Soda. It has become the four-letter word of beverages. Of all the drinks on the market, soda probably has the worst reputation. Science and medical research point their collective finger at soda, and blame it for everything from diabetes to tooth decay, hyperactivity to childhood obesity. But is soda really that bad for you?
When asked if soda is inherently unhealthy for people, board-certified nutritionist and author Jonny Bowden, PhD, CNS, said, "Yes. Simple, unequivocal answer, yes. Yup. Affirmative. Absolutely." What's so unhealthy about many Americans' favorite beverage?
To get to the truth, let's start with the ingredients. The average cola contains carbonated water, caramel color, natural flavors, caffeine, phosphoric acid and high-fructose corn syrup. Carbonated water is plain water infused with carbon dioxide, which creates the bubbles. Caramel color is a natural additive that tints food products, providing the familiar color consumers expect to see. Natural flavors are often of the citrus variety and added for taste. All of these are simple, harmless ingredients. Next is caffeine, a diuretic and stimulant known to be addictive.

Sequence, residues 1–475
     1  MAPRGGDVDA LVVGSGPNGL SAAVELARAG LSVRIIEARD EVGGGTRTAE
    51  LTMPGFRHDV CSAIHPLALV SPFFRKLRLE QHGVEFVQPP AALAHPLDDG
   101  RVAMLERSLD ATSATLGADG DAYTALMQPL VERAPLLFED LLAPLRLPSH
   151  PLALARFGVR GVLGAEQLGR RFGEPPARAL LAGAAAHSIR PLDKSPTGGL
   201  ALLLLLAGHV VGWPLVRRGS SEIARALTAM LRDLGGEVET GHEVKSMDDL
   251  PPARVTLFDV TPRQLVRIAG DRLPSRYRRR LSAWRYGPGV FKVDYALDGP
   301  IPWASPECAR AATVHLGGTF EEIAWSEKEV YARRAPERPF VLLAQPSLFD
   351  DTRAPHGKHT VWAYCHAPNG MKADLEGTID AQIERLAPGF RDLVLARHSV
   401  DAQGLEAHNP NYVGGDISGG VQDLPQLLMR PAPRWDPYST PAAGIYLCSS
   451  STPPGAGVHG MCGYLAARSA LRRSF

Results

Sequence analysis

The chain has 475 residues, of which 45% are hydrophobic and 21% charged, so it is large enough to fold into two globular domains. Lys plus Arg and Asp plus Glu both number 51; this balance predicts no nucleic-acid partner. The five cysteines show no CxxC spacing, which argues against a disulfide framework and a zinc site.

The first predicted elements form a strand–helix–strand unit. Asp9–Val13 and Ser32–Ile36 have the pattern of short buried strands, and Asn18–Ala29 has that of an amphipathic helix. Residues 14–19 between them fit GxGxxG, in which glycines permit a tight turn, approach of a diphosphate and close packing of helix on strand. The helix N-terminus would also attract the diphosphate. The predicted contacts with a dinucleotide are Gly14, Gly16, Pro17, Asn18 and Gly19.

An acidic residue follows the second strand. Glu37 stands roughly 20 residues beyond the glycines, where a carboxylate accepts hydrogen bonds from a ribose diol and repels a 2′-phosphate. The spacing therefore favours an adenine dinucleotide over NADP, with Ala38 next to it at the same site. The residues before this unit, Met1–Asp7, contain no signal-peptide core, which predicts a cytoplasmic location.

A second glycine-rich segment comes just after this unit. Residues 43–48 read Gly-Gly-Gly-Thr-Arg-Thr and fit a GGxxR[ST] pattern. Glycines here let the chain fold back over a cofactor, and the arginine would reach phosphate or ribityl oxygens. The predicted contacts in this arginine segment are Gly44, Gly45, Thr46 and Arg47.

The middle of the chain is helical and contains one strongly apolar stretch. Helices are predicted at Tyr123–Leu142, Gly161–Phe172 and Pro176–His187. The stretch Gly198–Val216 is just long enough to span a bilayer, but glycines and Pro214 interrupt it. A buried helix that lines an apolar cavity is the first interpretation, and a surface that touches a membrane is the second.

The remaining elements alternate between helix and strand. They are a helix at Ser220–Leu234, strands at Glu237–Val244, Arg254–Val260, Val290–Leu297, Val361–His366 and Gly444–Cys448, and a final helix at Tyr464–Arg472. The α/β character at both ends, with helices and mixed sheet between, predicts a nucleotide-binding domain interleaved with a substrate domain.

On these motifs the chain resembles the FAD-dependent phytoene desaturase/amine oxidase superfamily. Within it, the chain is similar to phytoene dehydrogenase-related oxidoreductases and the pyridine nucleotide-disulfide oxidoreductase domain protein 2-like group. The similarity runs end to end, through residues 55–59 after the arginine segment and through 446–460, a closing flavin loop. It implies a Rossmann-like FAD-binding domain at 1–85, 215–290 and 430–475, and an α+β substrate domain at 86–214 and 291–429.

What's left on the list of ingredients is what solidifies soda's bad name: sugar. Phosphoric acid is a chemical that adds a tangy or sour flavor by breaking down starches into sugar. According to Bowden, we should consume as little sugar as possible, especially refined sugar. "Zero would be a bull's-eye but is pretty much an unobtainable goal," says Bowden.
Why is it unobtainable? Because many products on supermarket shelves contain the final ingredient on our soda list: high-fructose corn syrup.